For me, the autumn of the year is a sensual season filled with many colors, textures, sounds, tastes, and smells that influence the whole of my being.
The myriad of leaf colors enliven my sense of sight to the reality that fall is occurring. Soon the deciduous plants will lose their leaves and I’ll be able to see the mountains through the twigs and branches of the trees that throughout the spring and summer hide them from view; and will also allow me to see the first fall snows sensually outlining the valleys and glaciers on the highest peaks, bidding me to look their way.
The fermenting smells of ripe fruits set upon by a myriad of fruit flies and wasps, the rotting of fish carcasses alongside their ancestral spawning rivers and streams, the odors given off by piles of grasses and trails lined with rain-sodden leaves remind me of the important cycle of decay, composting and the natural recycling of nutrients within an ecosystem.
The sounds of migrating fowl, the winds that jostle the trees that make the leaves to fall, the squabble of crows in the mountain ash tree gorging on the ripe fruits, the bull elk calling to establish his territory and attract potential mates, the falling fruits and nuts and the heavy rains represent closure to a season of growth and abundance and the beginning of a cycle of rest, gestation and renewal.
The test of touch and taste determines if a pear is ripe or not. The texture and flavor of a pear that is perfectly ripe will be far different from one that is even slightly under ripe. The greener pear will have a grainer texture and be flatter tasting. To speed the process, put them in a paper bag with a banana or apple which gives off ethylene gas that assists the pear in producing its own. It may only take a day or two before the alchemical transformational magic of being perfectly ripe happens. Check the neck with your thumb applying a gentle pressure and if it gives to a soft press, it is ripe and ready to eat. Pears are one of a few fruits that taste better picked slightly green and allowed to ripen off tree; therefore, commercially picked pears are picked slightly immature on purpose, cooled down in a controlled atmosphere and then brought out to ripen when needed. Keeping some in the refrigerator and taking out a few days before you want to eat them, does the same.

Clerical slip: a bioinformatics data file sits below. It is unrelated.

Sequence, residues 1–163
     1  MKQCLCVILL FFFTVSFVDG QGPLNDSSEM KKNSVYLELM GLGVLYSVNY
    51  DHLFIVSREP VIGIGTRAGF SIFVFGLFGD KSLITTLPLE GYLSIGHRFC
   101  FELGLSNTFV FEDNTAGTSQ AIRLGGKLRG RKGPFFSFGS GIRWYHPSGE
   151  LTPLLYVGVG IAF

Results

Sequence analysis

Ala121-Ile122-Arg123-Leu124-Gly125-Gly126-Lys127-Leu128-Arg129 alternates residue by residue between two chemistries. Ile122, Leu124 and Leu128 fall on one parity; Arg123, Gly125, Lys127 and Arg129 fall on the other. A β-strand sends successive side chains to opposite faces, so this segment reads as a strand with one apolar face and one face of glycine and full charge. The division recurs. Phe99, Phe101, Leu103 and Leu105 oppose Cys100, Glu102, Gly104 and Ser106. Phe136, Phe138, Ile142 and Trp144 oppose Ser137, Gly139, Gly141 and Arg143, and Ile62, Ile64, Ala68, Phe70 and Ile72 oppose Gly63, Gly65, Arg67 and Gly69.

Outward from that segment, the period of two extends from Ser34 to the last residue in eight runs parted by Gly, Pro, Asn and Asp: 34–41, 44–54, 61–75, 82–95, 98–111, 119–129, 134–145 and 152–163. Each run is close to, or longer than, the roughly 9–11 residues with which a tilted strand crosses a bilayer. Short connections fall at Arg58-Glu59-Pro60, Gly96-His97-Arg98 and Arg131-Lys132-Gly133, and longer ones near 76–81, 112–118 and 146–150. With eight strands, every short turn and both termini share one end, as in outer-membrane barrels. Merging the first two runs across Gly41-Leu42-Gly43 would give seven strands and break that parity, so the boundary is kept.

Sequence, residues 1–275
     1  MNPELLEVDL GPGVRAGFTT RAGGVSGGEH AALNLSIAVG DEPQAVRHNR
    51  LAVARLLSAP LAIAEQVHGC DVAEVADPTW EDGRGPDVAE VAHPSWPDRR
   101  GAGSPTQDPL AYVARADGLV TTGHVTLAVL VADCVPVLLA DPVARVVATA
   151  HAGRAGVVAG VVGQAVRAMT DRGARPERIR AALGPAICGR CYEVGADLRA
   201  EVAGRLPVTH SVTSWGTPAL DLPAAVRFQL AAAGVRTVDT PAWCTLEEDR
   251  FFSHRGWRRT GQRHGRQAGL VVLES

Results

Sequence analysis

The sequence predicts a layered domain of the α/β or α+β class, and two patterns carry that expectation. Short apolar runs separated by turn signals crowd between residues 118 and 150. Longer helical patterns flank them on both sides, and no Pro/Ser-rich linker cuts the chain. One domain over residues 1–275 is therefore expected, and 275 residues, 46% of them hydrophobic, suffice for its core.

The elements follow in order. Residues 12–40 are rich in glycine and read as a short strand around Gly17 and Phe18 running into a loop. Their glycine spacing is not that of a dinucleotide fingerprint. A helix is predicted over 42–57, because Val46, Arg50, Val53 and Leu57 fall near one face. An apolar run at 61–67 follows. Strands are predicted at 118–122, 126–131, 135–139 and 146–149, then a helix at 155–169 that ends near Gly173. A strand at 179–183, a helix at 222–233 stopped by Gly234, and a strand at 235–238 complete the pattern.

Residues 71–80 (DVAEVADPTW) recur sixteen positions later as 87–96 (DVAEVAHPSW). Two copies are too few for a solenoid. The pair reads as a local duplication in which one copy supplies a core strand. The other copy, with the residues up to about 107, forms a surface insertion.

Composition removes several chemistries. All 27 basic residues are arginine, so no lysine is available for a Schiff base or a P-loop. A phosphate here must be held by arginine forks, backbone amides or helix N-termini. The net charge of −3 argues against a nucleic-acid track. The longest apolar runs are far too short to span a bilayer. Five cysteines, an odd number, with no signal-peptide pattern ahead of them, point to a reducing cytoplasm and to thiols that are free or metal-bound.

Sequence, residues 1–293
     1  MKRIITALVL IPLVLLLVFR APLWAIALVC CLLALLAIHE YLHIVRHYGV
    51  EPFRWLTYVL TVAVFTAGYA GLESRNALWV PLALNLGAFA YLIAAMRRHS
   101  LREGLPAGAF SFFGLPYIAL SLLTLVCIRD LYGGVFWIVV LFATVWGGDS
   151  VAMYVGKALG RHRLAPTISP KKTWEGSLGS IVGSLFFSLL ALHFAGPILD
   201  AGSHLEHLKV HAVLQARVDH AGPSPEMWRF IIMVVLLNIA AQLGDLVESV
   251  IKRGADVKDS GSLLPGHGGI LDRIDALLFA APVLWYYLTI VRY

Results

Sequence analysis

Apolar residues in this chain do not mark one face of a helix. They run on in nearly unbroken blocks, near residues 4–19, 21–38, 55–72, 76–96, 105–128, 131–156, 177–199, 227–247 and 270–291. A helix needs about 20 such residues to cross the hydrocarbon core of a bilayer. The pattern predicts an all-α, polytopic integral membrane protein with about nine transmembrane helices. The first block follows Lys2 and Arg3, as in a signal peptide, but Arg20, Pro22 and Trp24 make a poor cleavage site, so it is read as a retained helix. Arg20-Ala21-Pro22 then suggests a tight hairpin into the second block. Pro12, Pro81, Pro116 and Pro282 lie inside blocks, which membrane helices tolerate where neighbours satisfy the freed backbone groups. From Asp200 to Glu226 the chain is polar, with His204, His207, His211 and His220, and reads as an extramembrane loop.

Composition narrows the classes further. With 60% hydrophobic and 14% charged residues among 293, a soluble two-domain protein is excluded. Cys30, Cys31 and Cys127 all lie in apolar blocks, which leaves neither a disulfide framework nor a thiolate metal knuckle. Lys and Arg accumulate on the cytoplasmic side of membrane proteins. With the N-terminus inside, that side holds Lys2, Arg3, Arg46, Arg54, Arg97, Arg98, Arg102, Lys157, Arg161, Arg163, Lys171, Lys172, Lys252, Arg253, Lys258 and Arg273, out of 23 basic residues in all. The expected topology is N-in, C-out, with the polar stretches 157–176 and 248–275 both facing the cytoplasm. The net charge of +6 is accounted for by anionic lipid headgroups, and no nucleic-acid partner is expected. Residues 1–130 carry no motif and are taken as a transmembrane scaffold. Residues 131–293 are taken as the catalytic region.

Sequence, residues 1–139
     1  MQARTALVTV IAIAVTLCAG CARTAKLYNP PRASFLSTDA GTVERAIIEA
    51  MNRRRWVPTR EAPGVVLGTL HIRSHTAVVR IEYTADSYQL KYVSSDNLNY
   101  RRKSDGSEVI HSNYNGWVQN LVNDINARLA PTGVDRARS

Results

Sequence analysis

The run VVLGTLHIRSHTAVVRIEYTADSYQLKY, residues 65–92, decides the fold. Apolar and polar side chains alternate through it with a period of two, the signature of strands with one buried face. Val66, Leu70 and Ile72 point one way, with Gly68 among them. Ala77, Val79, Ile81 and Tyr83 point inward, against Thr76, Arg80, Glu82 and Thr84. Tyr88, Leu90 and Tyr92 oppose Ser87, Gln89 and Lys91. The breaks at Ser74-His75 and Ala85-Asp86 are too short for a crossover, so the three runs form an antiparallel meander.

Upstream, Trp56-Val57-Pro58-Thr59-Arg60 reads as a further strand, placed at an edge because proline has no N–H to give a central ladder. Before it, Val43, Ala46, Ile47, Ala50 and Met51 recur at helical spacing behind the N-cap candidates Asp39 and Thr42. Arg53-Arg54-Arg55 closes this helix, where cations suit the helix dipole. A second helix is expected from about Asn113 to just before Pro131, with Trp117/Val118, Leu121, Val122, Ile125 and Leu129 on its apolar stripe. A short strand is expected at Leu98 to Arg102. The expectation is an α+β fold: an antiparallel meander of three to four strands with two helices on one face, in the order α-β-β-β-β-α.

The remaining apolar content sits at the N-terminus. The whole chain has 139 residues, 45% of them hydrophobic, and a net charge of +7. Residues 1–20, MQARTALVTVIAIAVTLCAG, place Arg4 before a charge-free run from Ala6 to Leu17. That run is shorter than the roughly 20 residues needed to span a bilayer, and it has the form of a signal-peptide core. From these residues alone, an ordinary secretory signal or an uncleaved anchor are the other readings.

For me, the apple represents all five universal senses. The color and shape of an apple helps determine its visual appeal. Biting into a freshly picked apple often produces a crack and crunch of sound, a sweetness or bitterness to the taste buds, a sense of texture to the tongue and smell to the nose inherent in the variety eaten. No wonder the apple, with its strong sensual and savory appeal, was sadly chosen and forever maligned by early Christian illustrators to represent that sinful, irresistible moment in the Garden.
Here’s a recipe for to make enough Apple Turnovers or Pear Turnovers for three, one to keep for yourself and two to take for a potluck dessert!
- Crusts for three:
- 3 C flour
- l &1/4 C shortening ( I used butter.)
- 1 tsp. salt
- 1 egg
- 5 1/2 Tbsp. water (I used slightly more of rice milk)
- 1 tsp. vinegar (I used wine vinegar)
- Measure flour and salt into bowl. Cut in shortening (until pea-sized). In small bowl, beat egg lightly, add vinegar and water. Then combine with flour. Stir until evenly mixed but not too much. Divide dough into 3 equal balls. As needed, flatten balls and roll out on lightly floured surface. Fold in half and gently place on parchment-lined cookie sheet.
- Stuffing for three:
- 8 C sliced apples, approx.
- 1/4 C brown sugar lightly packed or you could use honey or even cane sugar but they’re so sweet already I’d hold off on too much sweetness.
- 2 Tbsp flour (more for juicy pears)
- 1/2 tsp. cinnamon
- 1/4 tsp salt
- 1/8 tsp. nutmeg
- 1/2 tsp. coriander and other favorite spices
- 1 T lemon juice
- 2 Tbsp. butter placed on top of each stuffing before folding over the top.
- I mix all the apples, lemon juice and dry ingredients together and let set for a few minutes. Meanwhile I rolled out one crust at a time. Then filled up a half dome, leaving room around the edge to crimp them together. Add the dollop of butter, folded over the top, rolled/crimped edges together. Cut slits for steam to escape. Then I finished the next turnover, etc.
- Heat oven up to 350-375 and bake till done 35 min. or so depending on how brown and done you like the pastry.
- When I take them out to cool, sometimes I’ll pour a spoon of my hawthorn infused honey into the steam holes…mmmmmh…I could also see doing that with cream, too. The addition of ice cream would make it even more sinful! These turnovers age well and are good cold.